For all the talk about Apple being a revolutionary tech company, there are probably many people who don’t realize why. It’s easy to take our apps, devices and technology for granted — and it’s even easier to forget how we got here in the first place.
Certainly, there have been many revolutionary and innovative people and companies that have spurred the digital revolution. But looking back at history, you’ll find that many of these innovations, especially the really important ones, can be traced to Apple. Here are four ways that Apple changed the tech industry and, in some ways, the world.
4 The App Store
Apple first launched the App Store in 2008, and when it first “opened,” it was host to only about 500 apps from large, third-party developers. In a press release published on July 14 that year, Apple called the mobile marketplace “revolutionary” and “groundbreaking.” And, surprisingly, that isn’t an exaggeration in the least bit. You can thank the App Store for everything from Uber to Flappy Bird, as the marketplace ushered in a new era of business and businesspersons.
The App Store opened the floodgates for the app economy, an industry that’s estimated to be worth $6 trillion by 2022. Since its opening, the App Store has created hundreds of thousands of new jobs that wouldn’t have existed otherwise. And Apple seems to know how important apps are, both to consumers or developers, as we’ve seen in the quirky “Appocalypse” video during WWDC ’17. (Of course, the App Store owes its development to another revolutionary Apple device. But more on that later.)
3 The iPod and iTunes
After a rather bumpy period in its history, the iPod truly marked the return of Apple to the forefront of the tech industry. Suddenly, Apple had an extremely popular luxury music device and it laid the groundwork for Apple to shift from a niche electronics manufacturer to a consumer product juggernaut. But more than that, the iPod signaled more than a change for the Cupertino-based company. It transformed the music industry as a whole.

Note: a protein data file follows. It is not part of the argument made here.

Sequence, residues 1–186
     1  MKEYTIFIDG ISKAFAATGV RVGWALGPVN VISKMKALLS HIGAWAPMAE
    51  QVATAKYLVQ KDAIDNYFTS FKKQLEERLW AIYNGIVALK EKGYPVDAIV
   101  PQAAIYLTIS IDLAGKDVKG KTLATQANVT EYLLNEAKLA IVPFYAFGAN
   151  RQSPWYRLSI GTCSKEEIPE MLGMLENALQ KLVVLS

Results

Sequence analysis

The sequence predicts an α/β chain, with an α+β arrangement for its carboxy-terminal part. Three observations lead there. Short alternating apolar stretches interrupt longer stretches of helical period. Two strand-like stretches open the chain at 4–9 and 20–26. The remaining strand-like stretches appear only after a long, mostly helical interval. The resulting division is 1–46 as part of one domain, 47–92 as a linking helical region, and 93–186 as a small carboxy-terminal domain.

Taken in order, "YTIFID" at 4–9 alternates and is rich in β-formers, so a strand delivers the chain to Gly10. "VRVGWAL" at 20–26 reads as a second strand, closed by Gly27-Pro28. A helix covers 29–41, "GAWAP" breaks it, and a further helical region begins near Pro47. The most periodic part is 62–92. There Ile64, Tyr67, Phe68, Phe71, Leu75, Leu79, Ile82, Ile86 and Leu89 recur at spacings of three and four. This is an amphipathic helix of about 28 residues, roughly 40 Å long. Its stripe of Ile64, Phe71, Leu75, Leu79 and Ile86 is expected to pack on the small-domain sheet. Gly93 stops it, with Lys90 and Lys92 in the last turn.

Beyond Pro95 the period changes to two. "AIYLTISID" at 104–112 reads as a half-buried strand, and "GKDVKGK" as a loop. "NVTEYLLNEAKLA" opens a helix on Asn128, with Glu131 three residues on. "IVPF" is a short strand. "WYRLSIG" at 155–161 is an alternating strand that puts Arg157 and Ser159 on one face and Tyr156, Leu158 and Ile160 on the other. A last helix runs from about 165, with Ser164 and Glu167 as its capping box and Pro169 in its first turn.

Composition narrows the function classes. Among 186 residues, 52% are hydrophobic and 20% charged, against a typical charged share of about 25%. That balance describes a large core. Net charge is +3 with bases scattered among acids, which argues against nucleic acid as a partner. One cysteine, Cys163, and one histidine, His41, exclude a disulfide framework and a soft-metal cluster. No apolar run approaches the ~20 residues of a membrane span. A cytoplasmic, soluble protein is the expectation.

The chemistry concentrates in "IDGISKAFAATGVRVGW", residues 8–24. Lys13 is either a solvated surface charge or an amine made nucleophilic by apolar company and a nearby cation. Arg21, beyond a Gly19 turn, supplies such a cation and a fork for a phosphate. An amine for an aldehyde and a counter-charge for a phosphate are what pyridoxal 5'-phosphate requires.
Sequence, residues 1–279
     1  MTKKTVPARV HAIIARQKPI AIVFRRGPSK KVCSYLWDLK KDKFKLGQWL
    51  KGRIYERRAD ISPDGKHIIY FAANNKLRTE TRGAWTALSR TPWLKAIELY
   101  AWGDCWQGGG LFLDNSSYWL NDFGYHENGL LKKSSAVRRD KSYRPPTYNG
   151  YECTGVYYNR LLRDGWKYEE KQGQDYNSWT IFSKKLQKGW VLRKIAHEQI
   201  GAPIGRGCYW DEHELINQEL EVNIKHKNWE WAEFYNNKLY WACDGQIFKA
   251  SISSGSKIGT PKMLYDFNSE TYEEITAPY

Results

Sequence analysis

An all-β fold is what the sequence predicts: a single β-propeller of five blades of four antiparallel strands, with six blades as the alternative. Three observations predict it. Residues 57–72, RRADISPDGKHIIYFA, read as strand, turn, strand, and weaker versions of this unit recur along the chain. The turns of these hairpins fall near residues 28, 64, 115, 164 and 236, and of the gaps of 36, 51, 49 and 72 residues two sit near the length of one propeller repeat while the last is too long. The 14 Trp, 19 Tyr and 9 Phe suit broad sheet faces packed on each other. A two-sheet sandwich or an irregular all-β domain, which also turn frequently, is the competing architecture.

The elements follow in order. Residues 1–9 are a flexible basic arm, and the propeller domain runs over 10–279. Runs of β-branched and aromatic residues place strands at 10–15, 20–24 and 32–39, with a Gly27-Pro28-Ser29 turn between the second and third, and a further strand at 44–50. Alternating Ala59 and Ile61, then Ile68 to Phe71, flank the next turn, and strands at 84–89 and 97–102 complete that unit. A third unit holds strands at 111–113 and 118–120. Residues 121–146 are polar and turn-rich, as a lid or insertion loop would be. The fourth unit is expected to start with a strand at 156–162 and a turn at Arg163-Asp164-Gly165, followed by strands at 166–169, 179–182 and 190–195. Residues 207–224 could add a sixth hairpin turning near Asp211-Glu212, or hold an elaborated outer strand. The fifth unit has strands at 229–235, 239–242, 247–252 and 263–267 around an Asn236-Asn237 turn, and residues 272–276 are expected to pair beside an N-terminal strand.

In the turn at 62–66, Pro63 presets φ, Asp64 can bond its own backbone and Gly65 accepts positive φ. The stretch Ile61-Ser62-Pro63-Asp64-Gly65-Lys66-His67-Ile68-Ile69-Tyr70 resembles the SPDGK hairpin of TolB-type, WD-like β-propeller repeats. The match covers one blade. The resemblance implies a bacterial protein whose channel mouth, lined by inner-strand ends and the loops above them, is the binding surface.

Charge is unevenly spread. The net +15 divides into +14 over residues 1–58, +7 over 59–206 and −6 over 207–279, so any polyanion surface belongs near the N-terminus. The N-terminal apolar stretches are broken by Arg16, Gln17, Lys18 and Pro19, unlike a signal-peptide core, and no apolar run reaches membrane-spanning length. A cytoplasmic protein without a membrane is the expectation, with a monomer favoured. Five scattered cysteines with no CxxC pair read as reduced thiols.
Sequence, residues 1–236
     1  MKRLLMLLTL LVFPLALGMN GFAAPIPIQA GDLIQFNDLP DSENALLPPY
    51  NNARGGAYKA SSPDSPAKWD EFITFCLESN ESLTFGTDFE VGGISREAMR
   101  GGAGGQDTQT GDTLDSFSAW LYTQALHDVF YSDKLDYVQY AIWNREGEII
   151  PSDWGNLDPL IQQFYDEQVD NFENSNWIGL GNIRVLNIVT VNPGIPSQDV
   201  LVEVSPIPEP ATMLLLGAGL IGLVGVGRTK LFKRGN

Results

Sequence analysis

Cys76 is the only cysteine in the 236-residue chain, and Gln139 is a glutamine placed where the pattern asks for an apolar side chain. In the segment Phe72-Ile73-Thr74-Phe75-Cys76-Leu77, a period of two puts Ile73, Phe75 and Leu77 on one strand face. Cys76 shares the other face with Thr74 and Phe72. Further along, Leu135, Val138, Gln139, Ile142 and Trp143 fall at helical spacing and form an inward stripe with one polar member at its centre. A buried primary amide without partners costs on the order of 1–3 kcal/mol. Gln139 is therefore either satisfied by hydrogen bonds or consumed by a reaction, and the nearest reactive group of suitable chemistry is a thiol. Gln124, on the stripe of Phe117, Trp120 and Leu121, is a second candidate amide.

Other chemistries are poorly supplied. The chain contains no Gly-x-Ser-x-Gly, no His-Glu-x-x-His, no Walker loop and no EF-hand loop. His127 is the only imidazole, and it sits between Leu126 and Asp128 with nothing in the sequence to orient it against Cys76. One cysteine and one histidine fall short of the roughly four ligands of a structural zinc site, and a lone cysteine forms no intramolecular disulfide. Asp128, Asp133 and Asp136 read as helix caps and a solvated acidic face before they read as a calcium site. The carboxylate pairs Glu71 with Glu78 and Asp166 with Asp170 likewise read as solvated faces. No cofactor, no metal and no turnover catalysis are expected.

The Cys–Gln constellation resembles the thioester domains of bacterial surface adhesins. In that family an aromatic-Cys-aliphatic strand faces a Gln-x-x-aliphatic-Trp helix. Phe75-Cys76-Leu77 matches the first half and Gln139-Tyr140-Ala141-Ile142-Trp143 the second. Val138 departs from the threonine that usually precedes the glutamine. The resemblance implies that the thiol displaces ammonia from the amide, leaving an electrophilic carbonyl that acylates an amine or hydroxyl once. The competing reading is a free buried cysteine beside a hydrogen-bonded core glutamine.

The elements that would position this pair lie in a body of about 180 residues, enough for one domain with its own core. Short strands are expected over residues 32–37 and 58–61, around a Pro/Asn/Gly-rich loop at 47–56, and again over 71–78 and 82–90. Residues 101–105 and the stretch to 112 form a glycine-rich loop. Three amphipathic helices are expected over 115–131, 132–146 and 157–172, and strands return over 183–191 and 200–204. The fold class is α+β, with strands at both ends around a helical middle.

Part of that was iTunes, which opened when the entire recording industry was on the verge of chaos due to the prevalence of illegal downloads. iTunes gave artists and record labels a new model for selling music, and its deep integration with the iPod helped spur its popularity as a music platform. While streaming might be overtaking iTunes as the most dominant way of listening to music, it’s still important to recognize Apple’s place in music history.
2 The Macintosh
The very first Mac computer — then known as the Macintosh — was released in 1984. And, in true Apple form, it shook up the entire computer industry. That's largely because the Macintosh was the first mass-market personal computer with a GUI, or graphical user interface, and it also introduced external UI devices like the mouse. Basically, everything we use to interact with modern computers today.
Though it may not have been the first computer to sport these revolutionary features, the Macintosh certainly solidified their importance in the minds of consumers. It brought ease-of-use and simplicity to a new generation of users, and it helped to democratize computing in general by allowing personal computers to become a common fixture in people’s homes. We’ve come a long way since then, but it was the first time Apple gained a reputation for pulling an entire industry into the future.
1 The iPhone
Anymore, it might be difficult to truly remember the time when smartphones didn’t exist. They’re a nearly essential facet of our daily lives, and they’ve definitely changed the way that we live. And while the mobile revolution certainly had a lot of players involved, you can trace today’s modern smartphones back to one event: 2007, when Apple first unveiled the iPhone.
Before the iPhone, contemporary smartphones were clunky and not very user-friendly. The iPhone, like the Macintosh before it, made all of the essential features of a modern handset simple, seamless and foolproof. As Business Insider points out, the iPhone made smartphones “accessible and exciting to normal people for the first time.” The Macintosh and iPod were important, but judging by the ubiquity of our handsets, it’s the iPhone that helped Apple change the world.